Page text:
The destruction of national unity and belief in oneself leads to a national inferiority complex – because the standard of comparison is with the West, and because the Europeanized nation is in a constant state of cultural backwardness, this results in low levels of social morale and lack of patriotism. The unfortunate nation is either dominated by, or is forced to take up a subordinate, dependent position relative to the Romano-Germanic nations – even though the latter aren’t really as good or talented as they present themselves:

Any nation that does not reject its “backwardness” quickly falls prey to some neighboring or distant Romano-Germanic nation, which then deprives this “backward member of the family of civilization nations” of its economic, and later its political, independence; it begins to exploit its prey shamelessly, bleeds it white, and transforms it into “ethnographic material”. But the nation that wishes to struggle against the law of eternal backwardness confronts an equally unhappy fate. To guard itself against threats from abroad, a “backward” Europeanized nation must maintain parity with the Romano-Germanic nations, at least in its military and industrial technology. But since… a Europeanized nation is unable to to innovate as rapidly in this area as native Romano-Germans, it must generally restrict itself to borrowing and imitating foreign inventions. Its backwardness continues to exist even in the area of technology. But in this case, despite certain chronic delays, the technical level is more or less uniform, and the difference from the Romano-Germanic consists rather in the lower intensity of industrial activity.

Not only do intense attempts to catch up with the West result in permanent, self-reinforcing backwardness (because their powers of indigenous innovation are hemmed in by structural obstacles, hence their forced spiritual dependency on the West), but they are also looked down upon by Westerners – either a) for not Europeanizing far enough, or b) deceitfully repressing their “true nature” under a European veneer. As an example of the latter, George Kennan in his The Marquis de Custine and his Russia in 1839 (1971) quotes the 19th century French travel writer and famous “Russophobe”:

I don’t reproach the Russians for being what they are; what I blame them for is their desire to appear to be what we [Europeans] are… They are much less interested in being civilized then in making us believe them so… They would be quite content to be in effect more awful and barbaric than they actually are, if only others could thereby be made to believe them better and more civilized.

This simultaneous outreach towards the West, and the West’s rejection of it, evokes a tendency in the Europeanized nation to sporadically overcompensate by making leaps into the future in Sisyphean attempts to overtake the West, but this only leads to exhaustion and long periods of stagnation.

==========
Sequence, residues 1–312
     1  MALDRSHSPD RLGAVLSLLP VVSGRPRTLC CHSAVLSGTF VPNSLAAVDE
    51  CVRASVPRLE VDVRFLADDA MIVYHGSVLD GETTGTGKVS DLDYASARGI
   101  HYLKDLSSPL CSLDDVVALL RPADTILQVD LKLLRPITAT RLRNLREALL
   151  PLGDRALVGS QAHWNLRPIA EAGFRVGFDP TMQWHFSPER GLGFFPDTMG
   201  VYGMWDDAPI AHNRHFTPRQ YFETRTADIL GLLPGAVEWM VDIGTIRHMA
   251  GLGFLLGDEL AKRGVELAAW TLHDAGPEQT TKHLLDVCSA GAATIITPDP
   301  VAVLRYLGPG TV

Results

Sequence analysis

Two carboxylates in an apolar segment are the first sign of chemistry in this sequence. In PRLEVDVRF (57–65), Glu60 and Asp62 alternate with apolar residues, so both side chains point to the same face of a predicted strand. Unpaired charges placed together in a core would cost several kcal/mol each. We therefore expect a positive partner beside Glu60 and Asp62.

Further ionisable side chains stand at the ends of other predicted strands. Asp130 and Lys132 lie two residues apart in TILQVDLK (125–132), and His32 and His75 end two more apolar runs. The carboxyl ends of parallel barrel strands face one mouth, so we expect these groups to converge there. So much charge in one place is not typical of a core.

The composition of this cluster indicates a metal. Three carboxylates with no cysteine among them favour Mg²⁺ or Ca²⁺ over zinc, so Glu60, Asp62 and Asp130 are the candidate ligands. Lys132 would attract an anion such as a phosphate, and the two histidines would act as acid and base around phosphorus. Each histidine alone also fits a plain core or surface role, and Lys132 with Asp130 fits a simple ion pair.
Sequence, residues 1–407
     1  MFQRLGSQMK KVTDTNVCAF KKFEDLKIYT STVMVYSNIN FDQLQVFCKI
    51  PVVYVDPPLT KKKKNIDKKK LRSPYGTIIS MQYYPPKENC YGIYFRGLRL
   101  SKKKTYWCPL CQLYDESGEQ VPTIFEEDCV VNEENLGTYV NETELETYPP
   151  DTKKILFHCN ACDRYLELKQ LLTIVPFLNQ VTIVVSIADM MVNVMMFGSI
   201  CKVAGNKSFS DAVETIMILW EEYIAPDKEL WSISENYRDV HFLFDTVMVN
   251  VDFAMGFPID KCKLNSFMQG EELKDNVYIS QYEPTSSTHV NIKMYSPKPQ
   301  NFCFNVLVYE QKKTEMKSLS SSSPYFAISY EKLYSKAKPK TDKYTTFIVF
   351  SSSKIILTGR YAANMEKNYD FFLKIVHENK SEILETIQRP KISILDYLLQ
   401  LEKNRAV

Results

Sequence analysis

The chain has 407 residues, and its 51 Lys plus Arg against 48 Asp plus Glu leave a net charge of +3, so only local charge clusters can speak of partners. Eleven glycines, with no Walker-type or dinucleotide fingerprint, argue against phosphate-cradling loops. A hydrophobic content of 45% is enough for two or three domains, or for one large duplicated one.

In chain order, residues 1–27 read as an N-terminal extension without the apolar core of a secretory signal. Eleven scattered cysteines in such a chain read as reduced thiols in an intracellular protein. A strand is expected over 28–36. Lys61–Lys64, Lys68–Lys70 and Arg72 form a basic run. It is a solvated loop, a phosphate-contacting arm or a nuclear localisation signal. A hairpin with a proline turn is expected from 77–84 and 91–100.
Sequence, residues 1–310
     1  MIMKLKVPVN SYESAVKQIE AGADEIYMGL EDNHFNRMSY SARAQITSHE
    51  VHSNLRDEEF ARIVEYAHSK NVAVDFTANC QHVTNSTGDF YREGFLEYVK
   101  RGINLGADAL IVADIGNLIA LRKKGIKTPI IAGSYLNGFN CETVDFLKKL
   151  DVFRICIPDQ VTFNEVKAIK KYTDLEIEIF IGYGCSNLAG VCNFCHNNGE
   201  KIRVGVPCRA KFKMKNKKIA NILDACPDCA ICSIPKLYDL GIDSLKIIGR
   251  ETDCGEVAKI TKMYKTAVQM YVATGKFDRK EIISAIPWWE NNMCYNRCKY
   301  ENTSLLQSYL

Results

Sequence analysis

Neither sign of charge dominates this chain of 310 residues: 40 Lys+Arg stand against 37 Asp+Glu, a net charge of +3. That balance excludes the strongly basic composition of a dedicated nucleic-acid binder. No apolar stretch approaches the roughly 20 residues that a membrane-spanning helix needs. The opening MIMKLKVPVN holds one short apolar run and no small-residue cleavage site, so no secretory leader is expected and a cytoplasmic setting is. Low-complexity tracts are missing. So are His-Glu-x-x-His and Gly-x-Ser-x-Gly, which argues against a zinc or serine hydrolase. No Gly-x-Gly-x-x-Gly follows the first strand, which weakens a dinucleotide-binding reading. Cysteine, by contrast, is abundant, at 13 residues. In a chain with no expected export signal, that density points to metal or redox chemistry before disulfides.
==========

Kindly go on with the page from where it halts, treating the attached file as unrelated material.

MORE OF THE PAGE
The Marquis de Custine and his Russia in 1839 (G. Kennan, 1971) quotes the19th century French travel
writer: “I don’t reproach the Russians for being what they are; what I blame them for is their desire to
appear to be what we [Europeans] are… They are much less interested in being civilized then in
making us believe them so… They would be quite content to be in effect more awful and barbaric than
they actually are, if only others could thereby be made to believe them better and more civilized.”

Europeanized nations, finding it impossible to keep pace with the Romano-Germans and so gradually falling behind, try to catch up from time to time by attempting long leaps. Such leaps distort the entire course of historical development. A nation must cover very quickly a distance that the Romano-Germans covered gradually and over a much longer period of time. It must skip several historical rungs and create overnight, ex abrupto, what arose in Romano-Germanic nations as a result of a “series of historical changes”. The consequences of such “leaping” evolution are terrible. Every leap is followed by a period of apparent (from the European standpoint) stagnation, when it is necessary to bring order to the culture, to coordinate the results achieved by a leap in a particular area with other elements of the culture. During this period of “stagnation”, the nation again falls even farther behind. The histories of Europeanized nations are always characterized by brief periods of apparent “progress”, alternating with more or less protracted periods of “stagnation”. In destroying the wholeness and the unbroken incrementalism of the historical process, such historical leaps also disrupt tradition, which is already fragile in a Europeanized nation.